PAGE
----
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David Cronenberg, Canada, 1982

Rating: 3.0


Posted: April 5, 2005

Is man’s obsession with excess and indulgence in technology jeopardizing his very existence? Is it possible to become so immersed in a cesspool of violence and sleaze that one ceases to acknowledge the lines defining reality and hallucination? Look, I don’t know about all that, but Videodrome does pose these issues, and I think it is fair to suggest that someone with a leaning toward these concerns could probably formulate a cogent thesis on how it deals with them. Thankfully, I have no such leanings.

Here’s the breakdown: Max Renn (James Woods) is a slime merchant running a cable station that broadcasts pornography and otherwise explicit programming. Renn is always trying to stay ahead of the curve, trying to find the “next big thing” in his line of business. Like, say you bring tapes to this guy of wild orgiastic sex rituals in hopes that he will purchase them for his channel, he’d probably just yawn and tell you to come back when you have film of robots having intercourse with corpses. The dude’s hardcore, and he wants to make sure that he not only gives the public want they want, but also can show them what they want before they know they want it.

Renn comes into possession of what he believes to be a pirated signal from Pittsburg, a show called "Videodrome," which depicts torture, murder and other generic gruesomeness. The more Renn watches, the more he becomes obsessed with it. (Kinda like Laurence Station's obsession with Deuce Bigelow: European Gigolo.) The lines between reality and imagination become blurred. In one scene, Renn actually inserts a gun into an opening in his stomach, and then is able to retrieve it later -- at least, that’s how he perceives what happens. (It’s a David Cronenberg film, people! I’m doing what I can!)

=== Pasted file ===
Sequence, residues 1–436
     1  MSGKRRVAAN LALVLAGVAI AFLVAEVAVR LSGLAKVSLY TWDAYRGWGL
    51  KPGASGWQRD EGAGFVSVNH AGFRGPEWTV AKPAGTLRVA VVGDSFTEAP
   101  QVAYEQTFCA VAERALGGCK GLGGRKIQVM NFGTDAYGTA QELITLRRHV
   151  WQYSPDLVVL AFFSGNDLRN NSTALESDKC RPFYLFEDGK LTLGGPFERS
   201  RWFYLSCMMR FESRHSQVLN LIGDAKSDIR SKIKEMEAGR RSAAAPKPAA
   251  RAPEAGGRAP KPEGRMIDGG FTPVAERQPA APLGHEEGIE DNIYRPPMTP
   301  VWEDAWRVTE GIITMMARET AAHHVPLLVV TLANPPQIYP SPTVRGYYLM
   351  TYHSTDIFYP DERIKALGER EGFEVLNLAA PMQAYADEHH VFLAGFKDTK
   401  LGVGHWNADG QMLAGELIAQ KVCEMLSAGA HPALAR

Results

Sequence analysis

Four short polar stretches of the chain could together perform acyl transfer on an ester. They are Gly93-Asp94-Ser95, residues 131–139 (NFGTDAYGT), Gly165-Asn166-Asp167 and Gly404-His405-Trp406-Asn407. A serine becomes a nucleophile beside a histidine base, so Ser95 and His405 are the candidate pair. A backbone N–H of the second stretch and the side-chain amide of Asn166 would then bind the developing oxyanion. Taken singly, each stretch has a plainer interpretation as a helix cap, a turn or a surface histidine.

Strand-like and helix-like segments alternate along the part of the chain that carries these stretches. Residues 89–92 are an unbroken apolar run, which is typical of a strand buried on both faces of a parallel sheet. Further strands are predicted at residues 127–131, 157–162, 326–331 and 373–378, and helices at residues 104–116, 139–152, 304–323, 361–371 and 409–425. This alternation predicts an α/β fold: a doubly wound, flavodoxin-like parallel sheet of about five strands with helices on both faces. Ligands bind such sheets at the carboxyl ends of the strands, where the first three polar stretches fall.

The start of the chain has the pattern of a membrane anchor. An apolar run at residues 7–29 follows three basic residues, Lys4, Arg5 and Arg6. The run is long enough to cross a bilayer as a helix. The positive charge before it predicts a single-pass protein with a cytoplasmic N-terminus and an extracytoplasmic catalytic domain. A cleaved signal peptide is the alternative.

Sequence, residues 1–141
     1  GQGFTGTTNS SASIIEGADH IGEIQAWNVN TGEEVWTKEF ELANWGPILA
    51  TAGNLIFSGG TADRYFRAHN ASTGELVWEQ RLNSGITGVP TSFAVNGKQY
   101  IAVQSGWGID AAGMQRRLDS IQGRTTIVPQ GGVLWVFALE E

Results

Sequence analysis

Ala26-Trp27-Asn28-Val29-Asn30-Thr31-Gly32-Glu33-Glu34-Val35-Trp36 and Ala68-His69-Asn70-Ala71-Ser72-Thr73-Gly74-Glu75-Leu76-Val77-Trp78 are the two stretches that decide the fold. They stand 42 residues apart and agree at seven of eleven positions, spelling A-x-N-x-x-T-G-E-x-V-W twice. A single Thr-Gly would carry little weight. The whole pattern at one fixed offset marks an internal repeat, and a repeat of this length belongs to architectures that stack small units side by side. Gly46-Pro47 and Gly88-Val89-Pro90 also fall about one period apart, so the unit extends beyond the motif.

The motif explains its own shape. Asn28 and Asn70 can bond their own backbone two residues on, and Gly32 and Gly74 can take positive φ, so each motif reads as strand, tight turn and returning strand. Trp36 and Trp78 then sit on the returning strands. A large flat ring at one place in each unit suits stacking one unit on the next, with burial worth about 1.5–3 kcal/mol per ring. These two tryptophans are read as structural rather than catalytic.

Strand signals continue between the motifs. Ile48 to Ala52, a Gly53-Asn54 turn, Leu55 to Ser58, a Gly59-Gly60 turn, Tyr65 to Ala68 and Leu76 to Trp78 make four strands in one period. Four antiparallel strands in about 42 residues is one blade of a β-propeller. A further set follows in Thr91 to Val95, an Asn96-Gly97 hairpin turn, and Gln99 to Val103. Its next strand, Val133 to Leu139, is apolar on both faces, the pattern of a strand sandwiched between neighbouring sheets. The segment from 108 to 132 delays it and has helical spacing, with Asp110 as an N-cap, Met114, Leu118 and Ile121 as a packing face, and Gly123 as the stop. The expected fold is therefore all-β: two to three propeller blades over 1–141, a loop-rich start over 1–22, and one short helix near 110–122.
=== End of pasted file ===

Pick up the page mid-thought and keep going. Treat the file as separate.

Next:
Along this twisted journey, Renn meets Nicki Brand (Debbie Harry), and the two begin engaging in unusual behavior -- like piercing flesh with needles, or the scene where Nicki extinguishes a cigarette... on herself. Renn’s hallucinations (breathing TV sets, videotapes that pulsate) eventually begin to overwhelm and become his reality. When he finds out exactly what "Videodrome" is... it’s too late!

Now, while this might sound far-fetched, I'm here to tell you folks that it can indeed happen. While laid up with a sprained ankle and broken remote, I was once forced to watch a 9-hour Jake And the Fatman marathon on a fuzzy 19” black and white TV. After I was healed, I went to a local Denny’s and threw a lawn dart at Dabney Coleman, who was snacking on some hash browns in a corner booth. (At least, that’s what the police report says. I have no memory of it.)

Videodrome was released back in 1982, long before the Internet and the computer revolution that we take for granted today. In a way, the questions it poses are actually more suited to our “on-demand” society than to the time in which it was made, and for that reason I guess the film does retain some relevance. But these issues are best left for monocle-wearing intellectuals, or in the case of Shaking Through's own wanna-be Laurence Station, “pseudo-intellectuals.” (Come on, people, the man used the phrase “uninhibited digital funk-fest” while reviewing a Beck album! Clearly, he needs professionally prescribed medication!)

At the very least, Videodrome provides you the opportunity to see a young Debbie Harry, and a creepy James Woods. These days, you can only see a creepy James Woods. If you wish to engage your mind with weighty questions of reality and technology, go see the Matrix films. If you wanna see a dude pull a gun out of his stomach, check out Videodrome. You won’t be judged by me!

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 Clemenza's Ratings Key:

 5.0: A drop of bliss

 4.0-4.9: Touchdown!
 3.0-3.9: Close, but...
 2.0-2.9: Box of Rocks
 1.1-1.9: Time bandit
 0.0-1.0: Soul scarring
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